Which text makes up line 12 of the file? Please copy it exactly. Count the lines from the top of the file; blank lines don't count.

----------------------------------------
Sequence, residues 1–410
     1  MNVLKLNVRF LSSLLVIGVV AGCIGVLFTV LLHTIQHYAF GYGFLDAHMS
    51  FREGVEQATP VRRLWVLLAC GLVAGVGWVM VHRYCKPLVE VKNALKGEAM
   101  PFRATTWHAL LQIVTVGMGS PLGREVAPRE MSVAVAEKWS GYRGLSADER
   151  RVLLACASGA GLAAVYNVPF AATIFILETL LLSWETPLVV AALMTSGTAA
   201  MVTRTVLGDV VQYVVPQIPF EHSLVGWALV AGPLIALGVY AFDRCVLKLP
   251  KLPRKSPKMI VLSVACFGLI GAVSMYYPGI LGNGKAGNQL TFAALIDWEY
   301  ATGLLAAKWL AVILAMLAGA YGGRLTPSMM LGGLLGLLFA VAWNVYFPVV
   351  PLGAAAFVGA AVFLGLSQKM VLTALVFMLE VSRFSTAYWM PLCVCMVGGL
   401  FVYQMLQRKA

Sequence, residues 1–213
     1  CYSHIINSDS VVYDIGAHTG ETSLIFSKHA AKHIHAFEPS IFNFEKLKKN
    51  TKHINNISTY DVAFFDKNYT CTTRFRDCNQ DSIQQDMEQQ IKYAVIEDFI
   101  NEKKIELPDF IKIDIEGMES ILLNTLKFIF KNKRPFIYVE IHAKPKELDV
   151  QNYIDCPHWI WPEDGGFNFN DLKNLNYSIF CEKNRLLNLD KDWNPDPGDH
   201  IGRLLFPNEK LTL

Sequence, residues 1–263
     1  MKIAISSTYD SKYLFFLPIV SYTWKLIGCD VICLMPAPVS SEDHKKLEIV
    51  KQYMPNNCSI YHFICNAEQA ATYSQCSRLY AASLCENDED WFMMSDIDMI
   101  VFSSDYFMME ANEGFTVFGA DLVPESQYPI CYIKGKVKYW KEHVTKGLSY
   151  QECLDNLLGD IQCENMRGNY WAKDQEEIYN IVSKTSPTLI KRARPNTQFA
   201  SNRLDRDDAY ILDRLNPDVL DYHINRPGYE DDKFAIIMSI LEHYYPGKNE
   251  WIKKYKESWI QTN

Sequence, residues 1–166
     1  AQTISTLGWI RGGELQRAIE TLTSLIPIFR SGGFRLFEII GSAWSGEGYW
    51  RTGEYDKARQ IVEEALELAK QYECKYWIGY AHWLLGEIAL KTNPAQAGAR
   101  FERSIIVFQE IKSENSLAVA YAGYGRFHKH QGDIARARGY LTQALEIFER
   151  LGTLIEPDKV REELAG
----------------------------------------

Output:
     1  CYSHIINSDS VVYDIGAHTG ETSLIFSKHA AKHIHAFEPS IFNFEKLKKN